Artificial intelligence: coming soon to a hospital near you
Human intelligence has long powered hospitals and health care. We rely on doctors, nurses, and a variety of other clinicians to solve problems and create new solutions. Advances in Artificial Intelligence knows many different definitions, but in general it can be defined as a machine completing complex tasks intelligently, meaning that it mirrors human intelligence and evolves with time. are now making it possible to apply this form of computer-based “thinking” to health care.
As the chief technology officer for a new state-of-the-art advanced medical facility, I have been closely watching developments in artificial intelligence. Here are three areas — training, surgical robots, and data mining — in which I believe it will begin making a difference sooner rather than later.
Games for surgeons
Inside their operating rooms, surgeons are the captains of the ship. They possess extensive medical training and the skills to apply it. But they rely on the cooperation and contributions of the entire team to make the most of those skills. Unfortunately, few surgeons get training in how to effectively lead people with different educational and skill backgrounds.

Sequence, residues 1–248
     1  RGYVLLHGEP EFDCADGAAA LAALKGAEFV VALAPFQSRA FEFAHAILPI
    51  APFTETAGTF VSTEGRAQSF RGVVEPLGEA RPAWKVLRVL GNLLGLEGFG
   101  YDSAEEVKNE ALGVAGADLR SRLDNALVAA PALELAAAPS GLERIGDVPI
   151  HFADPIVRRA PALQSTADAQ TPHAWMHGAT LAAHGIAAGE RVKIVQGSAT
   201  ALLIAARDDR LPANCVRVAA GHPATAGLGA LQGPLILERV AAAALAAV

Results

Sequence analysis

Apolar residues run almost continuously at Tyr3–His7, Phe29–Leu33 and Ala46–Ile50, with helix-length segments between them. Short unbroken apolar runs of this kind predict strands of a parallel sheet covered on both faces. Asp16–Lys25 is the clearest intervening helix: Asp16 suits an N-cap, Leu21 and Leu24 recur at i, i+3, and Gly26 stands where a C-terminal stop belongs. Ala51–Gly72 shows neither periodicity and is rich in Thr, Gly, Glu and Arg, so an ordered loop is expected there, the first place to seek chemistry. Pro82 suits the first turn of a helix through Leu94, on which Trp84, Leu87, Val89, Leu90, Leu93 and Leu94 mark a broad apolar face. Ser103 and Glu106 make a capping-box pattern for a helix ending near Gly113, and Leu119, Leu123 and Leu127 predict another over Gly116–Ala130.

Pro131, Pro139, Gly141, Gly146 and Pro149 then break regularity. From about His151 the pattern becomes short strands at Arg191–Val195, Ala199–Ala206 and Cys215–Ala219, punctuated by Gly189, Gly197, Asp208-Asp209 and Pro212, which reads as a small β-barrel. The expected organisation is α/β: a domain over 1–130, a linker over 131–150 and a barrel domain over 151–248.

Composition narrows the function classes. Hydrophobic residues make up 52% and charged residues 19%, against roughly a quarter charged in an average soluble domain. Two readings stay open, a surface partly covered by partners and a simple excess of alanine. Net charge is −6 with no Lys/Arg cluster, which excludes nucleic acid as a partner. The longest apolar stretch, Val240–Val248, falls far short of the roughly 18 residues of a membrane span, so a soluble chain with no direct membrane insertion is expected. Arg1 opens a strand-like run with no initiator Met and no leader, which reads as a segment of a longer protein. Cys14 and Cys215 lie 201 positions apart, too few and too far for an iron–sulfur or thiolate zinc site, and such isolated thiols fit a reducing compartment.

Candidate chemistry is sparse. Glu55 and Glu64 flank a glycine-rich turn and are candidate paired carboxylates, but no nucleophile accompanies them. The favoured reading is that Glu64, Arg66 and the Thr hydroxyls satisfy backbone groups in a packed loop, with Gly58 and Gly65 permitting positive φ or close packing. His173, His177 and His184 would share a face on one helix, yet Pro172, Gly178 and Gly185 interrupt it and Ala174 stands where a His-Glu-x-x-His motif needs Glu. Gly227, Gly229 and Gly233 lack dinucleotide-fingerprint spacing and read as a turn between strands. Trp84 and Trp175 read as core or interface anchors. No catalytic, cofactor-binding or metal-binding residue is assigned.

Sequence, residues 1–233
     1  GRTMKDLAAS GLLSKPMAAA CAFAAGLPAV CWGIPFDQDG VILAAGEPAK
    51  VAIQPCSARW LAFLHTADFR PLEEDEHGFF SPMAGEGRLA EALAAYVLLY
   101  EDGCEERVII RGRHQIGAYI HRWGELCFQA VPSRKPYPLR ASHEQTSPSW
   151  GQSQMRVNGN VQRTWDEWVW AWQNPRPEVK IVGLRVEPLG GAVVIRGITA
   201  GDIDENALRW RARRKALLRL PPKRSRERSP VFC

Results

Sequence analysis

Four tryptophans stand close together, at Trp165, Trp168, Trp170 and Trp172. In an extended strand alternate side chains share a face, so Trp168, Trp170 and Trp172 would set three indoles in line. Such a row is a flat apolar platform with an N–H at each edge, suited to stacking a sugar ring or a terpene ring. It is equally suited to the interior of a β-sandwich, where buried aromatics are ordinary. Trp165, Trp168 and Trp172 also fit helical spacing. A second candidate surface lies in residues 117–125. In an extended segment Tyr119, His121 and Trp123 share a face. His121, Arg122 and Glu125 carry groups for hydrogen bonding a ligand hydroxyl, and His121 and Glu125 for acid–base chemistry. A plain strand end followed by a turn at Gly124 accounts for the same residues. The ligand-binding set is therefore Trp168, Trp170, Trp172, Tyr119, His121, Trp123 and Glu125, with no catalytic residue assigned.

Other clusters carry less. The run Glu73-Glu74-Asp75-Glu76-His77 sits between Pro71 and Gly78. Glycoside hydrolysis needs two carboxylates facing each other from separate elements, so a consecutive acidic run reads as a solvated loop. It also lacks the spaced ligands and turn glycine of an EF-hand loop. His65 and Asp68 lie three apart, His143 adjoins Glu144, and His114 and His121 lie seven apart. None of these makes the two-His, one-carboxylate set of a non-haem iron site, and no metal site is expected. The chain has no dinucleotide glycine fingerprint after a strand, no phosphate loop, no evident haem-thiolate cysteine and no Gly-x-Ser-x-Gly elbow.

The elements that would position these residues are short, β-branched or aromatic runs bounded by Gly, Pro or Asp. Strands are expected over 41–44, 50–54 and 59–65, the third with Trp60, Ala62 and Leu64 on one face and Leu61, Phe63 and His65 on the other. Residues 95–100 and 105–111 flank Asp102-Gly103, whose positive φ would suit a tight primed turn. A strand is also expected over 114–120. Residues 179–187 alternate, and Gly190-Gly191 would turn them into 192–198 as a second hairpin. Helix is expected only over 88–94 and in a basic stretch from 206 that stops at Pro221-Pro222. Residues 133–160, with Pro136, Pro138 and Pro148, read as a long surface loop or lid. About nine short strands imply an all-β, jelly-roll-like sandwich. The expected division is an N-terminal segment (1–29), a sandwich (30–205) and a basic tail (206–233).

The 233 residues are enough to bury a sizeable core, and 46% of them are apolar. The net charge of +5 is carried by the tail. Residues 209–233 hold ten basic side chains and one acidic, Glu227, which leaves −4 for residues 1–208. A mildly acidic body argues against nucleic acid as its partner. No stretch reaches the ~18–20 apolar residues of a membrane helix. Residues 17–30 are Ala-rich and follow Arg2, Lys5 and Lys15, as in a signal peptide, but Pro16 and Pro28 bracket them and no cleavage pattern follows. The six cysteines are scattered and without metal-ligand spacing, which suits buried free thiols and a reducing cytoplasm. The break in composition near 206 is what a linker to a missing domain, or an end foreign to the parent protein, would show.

Creating environments in which all members of an operating room team can come together to learn and practice communication skills is a significant challenge. There are, of course, standard communication protocols for teamwork in health care. They have been gathered into in a national program known as TeamSTEPPS . However, the opportunity to really learn to communicate in the operating room seldom exists because different players on the team get their education and training via separate professional organizations and events.
To overcome this problem, my colleagues and I at the Florida Hospital Nicholson Center worked with a game development company called ARA/Virtual Heroes to create a virtual world in which a surgeon can practice team communication and leadership. This game runs on the same type of avatar intelligence underpinning teammates in the “Call of Duty” games. The automated avatars give audio feedback and guidance to help the surgeon make the right choices. A collection of rules, conditions, and scripts guide the surgeon through a scenario in the operating room and teach him or her which actions and decisions are correct and which ones aren’t. Game scenarios have decision branches that lead to favorable and unfavorable outcomes. As with most such games, there is just a single path through the scenario that leads to a successful conclusion and a corresponding score derived from making correct and incorrect decisions.
Major advances in robotic surgery let doctors perform many types of complex procedures with more precision, flexibility, and control than is possible with other conventional techniques. Robots like the da Vinci Surgical System provide a platform for translating a surgeon’s movements into precise actions with advanced instruments. Current robots, however, are not aware of the anatomy they show the surgeon, the procedures they are being used to perform, or what the surgeon intends to do. They are fantastic tools, but they aren’t yet intelligent assistants. […]